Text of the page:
After last week’s lacklustre episode, Broadchurch ups its game as it focuses on the Joe Miller court battle, continues the Sandbrook case and some provides some development for David Tennant’s D.I Hardy.
It’s no shock that this season of Broadchurch hasn’t been anywhere near as gripping as its debut in 2013. A major gripe in last week’s review was that we needed to start seeing the answers, both in the Broadchurch and Sandbrook cases.
For Sandbrook, Ricky Gillespie, father of the murdered girl Pippa, is highlighted as a potential killer: he has a connection to Claire via the mysterious phone number, the significance of the bluebells and Ricky’s alibi from the night of his daughter’s death even being undermined by his own wife.
For Broadchurch, Joe is finally undermined in court, appearing guilty to his defense team [“Shit, Sharon, he totally did it!”] and then a damning testimony from an ex colleague. The court case is given more room to breathe here and gets some lovely moments with stars Tanya Franks and Pauline Quirke. However, there are some nice moments out of court too.
“We are going to win, aren’t we?” Beth Latimer asks prosecution barrister Jocelyn Chambers. It’s finally seeming like the Latimers might get justice.
However, lots remains unexplained or painfully undeveloped as they try to cram so much in: the after effects of Jocelyn’s crash are all but glossed over, Oliver’s desire for a headline is just irritating and the macho posturing from Hardy and Lee Ashworth (James D’Arcy) is getting a little stale. Original cast members are also criminally sidelined: Arthur Darvill, Jonathan Bailey and Joe Sims all getting short shrift.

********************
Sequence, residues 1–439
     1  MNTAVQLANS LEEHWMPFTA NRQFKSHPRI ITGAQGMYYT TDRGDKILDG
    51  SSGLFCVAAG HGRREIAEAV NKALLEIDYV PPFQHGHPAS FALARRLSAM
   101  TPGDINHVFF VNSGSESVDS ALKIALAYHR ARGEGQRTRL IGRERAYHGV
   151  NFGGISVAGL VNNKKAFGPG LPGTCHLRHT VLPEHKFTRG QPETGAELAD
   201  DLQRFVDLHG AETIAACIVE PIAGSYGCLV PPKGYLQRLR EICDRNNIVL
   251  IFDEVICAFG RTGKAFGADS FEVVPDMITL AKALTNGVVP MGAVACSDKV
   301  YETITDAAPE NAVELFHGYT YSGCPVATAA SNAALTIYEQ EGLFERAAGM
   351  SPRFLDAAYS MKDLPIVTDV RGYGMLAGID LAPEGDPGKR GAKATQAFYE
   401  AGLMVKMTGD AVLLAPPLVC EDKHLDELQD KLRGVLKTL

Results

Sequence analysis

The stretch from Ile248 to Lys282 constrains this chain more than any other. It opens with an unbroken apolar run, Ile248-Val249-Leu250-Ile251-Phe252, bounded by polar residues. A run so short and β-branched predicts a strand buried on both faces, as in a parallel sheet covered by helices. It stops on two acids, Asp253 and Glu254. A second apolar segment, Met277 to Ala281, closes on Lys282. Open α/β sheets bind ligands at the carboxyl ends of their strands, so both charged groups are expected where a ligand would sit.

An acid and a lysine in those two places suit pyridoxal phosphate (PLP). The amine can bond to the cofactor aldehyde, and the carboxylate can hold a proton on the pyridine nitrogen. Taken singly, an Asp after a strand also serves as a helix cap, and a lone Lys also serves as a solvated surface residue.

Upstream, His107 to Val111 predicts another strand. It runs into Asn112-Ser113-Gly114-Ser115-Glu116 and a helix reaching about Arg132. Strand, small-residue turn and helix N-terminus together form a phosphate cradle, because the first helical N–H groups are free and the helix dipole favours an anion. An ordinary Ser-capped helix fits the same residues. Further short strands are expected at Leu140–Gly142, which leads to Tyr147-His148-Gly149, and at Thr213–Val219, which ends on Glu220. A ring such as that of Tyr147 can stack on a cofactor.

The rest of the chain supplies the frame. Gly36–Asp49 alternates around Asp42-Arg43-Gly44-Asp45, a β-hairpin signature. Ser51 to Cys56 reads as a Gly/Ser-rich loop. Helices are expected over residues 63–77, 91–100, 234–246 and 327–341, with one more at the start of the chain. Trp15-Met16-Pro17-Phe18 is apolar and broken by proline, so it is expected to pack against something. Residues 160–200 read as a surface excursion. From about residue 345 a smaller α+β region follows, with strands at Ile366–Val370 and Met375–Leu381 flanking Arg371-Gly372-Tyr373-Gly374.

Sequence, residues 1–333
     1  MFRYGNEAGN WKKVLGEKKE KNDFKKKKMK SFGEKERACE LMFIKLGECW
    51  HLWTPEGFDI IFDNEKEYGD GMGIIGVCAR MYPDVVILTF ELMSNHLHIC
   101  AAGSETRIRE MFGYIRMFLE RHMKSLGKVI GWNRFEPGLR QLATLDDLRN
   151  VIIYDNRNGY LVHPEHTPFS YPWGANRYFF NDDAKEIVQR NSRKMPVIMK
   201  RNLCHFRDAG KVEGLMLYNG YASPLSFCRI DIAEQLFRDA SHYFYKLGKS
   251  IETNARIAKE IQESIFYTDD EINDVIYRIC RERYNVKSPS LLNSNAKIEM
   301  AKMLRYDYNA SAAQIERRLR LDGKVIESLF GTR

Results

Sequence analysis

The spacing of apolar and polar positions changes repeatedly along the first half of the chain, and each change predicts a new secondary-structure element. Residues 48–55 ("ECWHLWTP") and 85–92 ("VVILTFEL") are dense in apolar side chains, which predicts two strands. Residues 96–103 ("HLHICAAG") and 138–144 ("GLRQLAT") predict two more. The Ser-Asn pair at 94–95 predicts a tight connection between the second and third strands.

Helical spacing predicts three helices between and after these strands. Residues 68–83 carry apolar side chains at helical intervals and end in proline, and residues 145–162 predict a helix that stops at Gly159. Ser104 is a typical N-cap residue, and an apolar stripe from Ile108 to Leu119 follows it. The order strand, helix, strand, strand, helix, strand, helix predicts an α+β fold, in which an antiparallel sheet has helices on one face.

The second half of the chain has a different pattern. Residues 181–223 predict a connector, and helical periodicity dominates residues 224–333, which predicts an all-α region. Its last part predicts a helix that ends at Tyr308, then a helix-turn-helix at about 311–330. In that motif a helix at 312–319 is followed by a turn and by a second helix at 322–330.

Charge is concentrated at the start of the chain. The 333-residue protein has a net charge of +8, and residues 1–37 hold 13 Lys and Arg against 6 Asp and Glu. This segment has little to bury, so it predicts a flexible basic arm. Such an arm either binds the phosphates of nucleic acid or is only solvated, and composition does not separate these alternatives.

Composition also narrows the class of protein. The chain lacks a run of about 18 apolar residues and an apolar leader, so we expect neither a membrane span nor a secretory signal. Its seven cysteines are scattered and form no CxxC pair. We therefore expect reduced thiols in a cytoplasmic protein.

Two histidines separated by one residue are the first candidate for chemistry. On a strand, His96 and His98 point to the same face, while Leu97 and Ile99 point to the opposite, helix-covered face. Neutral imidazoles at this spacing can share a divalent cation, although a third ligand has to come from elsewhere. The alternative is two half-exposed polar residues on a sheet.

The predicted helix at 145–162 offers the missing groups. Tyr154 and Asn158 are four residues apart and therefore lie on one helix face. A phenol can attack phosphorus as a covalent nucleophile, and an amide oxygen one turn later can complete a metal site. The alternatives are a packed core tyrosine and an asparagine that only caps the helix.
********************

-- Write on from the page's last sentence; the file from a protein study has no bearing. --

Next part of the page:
The Latimers fare much better. However, I am unnerved by the secret meetings between Mark Latimer (Andrew Buchan) and Tom Miller. The intentional parallels between Joe Miller and Danny Latimer’s relationship and feel odd and unnecessary.
Pauline Quirke’s reappearance as the embittered Susan Wright was welcome, though it raises more questions than it answers. Quirke is compelling to watch, though it’s hard to believe a word she says. Does she really have cancer? Nige (Joe Sims) doesn’t seem to think so. Is that why she incriminates him as Danny’s killer, trying to punish the child who rejected her? Or is Nige genuinely involved?
Despite its flaws, the previous episode was a showcase for the talents of Colman and this week it appears to be David Tennant’s turn. It adds real weight to the character as we see him awkwardly interact with his estranged family, being crippled by his continuing health problems and his guilt over the Sandbrook case.
This is best displayed in the scene where Hardy describes finding the body of Pippa (accompanied by some stunning imagery) and in his confrontation with Kate Gillespie (EastEnders‘ Amanda Drew). It’s also alluded that Hardy and Claire (Eve Myles) have had a sexual relationship: “Hardy slept with my wife. That’s why he’s so obsessed with her,” Ashworth tells Ellie, exposing another secret.
An improvement on last week’s episode with some welcome developments that, at the mid-season point, are needed to stop the show going stale and the viewers getting bored. More disclosure is required though.
Aired at 9pm on Monday 26 January 2015 on ITV.
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